Probability Elicitation, Scoring Rules, and Competition Among Forecasters
Kenneth C. Lichtendahl Jr.
University of Virginia - Darden School of Business
Robert L. Winkler
Duke University - Fuqua School of Business
January 21, 2007
Darden Business School Working Paper No. 07-05
Probability forecasters who are rewarded via a proper scoring rule may care not only about the score, but also about their performance relative to other forecasters. We model this type of preference and show that a competitive forecaster who wants to do better than another forecaster typically should report more extreme probabilities, exaggerating toward zero or one. We consider a competitive forecaster's best response to truthful reporting and also investigate equilibrium reporting functions in the case where another forecaster also cares about relative performance. We show how a decision maker can revise probabilities of an event after receiving reported probabilities from competitive forecasters and note that the strategy of exaggerating probabilities can make well-calibrated forecasters (and a decision maker who takes their reported probabilities at face value) appear to be overconfident. However, a decision maker who adjusts appropriately for the misrepresentation of probabilities by one or more forecasters can still be well-calibrated. Finally, to try to overcome the forecasters' competitive instincts and induce cooperative behavior, we develop the notion of joint scoring rules based on business sharing and show that these scoring rules are strictly proper.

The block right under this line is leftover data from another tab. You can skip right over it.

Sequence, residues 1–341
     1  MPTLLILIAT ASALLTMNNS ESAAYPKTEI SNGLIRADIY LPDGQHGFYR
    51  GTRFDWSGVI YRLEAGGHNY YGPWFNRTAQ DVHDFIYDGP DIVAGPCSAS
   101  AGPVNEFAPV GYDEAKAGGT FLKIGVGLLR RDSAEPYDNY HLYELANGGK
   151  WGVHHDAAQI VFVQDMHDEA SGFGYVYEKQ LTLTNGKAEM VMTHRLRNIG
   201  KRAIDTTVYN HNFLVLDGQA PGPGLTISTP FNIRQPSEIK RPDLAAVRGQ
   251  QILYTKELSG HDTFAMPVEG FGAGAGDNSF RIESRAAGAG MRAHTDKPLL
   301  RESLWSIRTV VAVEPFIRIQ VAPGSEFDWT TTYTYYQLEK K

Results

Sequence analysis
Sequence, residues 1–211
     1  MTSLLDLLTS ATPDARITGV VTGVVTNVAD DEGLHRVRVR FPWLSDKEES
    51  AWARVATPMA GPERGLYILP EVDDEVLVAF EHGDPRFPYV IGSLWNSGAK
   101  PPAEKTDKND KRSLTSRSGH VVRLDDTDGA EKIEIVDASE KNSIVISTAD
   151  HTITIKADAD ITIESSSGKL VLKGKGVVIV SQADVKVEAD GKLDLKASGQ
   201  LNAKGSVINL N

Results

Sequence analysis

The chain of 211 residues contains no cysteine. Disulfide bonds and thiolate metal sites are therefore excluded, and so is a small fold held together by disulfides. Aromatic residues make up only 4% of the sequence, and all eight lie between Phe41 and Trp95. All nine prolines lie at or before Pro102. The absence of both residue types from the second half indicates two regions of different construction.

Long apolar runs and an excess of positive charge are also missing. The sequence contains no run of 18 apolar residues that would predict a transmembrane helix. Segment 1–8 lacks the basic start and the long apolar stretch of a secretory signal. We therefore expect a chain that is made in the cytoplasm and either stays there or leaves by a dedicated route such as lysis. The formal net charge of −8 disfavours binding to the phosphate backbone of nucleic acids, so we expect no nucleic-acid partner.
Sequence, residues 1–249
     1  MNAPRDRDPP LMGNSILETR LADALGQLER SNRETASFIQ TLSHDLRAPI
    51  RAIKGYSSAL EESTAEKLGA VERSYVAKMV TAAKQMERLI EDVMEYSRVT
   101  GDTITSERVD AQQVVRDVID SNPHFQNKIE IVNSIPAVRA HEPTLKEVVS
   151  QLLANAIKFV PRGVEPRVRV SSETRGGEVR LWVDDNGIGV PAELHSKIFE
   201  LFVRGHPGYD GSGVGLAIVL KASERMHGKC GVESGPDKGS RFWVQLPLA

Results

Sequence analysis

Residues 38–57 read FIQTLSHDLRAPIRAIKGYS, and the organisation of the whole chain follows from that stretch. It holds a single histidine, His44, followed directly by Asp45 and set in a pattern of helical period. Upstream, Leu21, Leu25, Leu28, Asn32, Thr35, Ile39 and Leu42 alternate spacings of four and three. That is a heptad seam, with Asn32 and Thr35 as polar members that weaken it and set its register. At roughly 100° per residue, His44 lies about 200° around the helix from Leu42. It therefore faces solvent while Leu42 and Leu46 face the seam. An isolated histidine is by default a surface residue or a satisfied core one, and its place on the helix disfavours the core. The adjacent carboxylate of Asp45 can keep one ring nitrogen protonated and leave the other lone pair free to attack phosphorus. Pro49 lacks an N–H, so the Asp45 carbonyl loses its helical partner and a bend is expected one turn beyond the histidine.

Number of Pages in PDF File: 23
Keywords: probability elicitation; scoring rules; forecasting competitions; probability forecasts; truthful revelation; overconfidence biasworking papers series
Date posted: February 5, 2007
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